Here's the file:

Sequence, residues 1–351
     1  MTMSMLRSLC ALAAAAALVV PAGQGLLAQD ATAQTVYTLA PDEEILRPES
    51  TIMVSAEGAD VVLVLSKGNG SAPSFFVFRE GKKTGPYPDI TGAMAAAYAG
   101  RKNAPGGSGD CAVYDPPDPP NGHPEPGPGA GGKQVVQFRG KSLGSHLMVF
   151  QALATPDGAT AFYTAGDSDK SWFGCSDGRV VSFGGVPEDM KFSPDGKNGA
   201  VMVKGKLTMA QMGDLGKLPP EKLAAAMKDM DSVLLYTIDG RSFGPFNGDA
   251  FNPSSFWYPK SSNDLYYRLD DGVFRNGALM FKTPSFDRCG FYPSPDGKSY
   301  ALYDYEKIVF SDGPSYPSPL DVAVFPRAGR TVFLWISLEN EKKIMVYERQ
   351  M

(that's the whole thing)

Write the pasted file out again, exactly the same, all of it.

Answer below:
Sequence, residues 1–351
     1  MTMSMLRSLC ALAAAAALVV PAGQGLLAQD ATAQTVYTLA PDEEILRPES
    51  TIMVSAEGAD VVLVLSKGNG SAPSFFVFRE GKKTGPYPDI TGAMAAAYAG
   101  RKNAPGGSGD CAVYDPPDPP NGHPEPGPGA GGKQVVQFRG KSLGSHLMVF
   151  QALATPDGAT AFYTAGDSDK SWFGCSDGRV VSFGGVPEDM KFSPDGKNGA
   201  VMVKGKLTMA QMGDLGKLPP EKLAAAMKDM DSVLLYTIDG RSFGPFNGDA
   251  FNPSSFWYPK SSNDLYYRLD DGVFRNGALM FKTPSFDRCG FYPSPDGKSY
   301  ALYDYEKIVF SDGPSYPSPL DVAVFPRAGR TVFLWISLEN EKKIMVYERQ
   351  M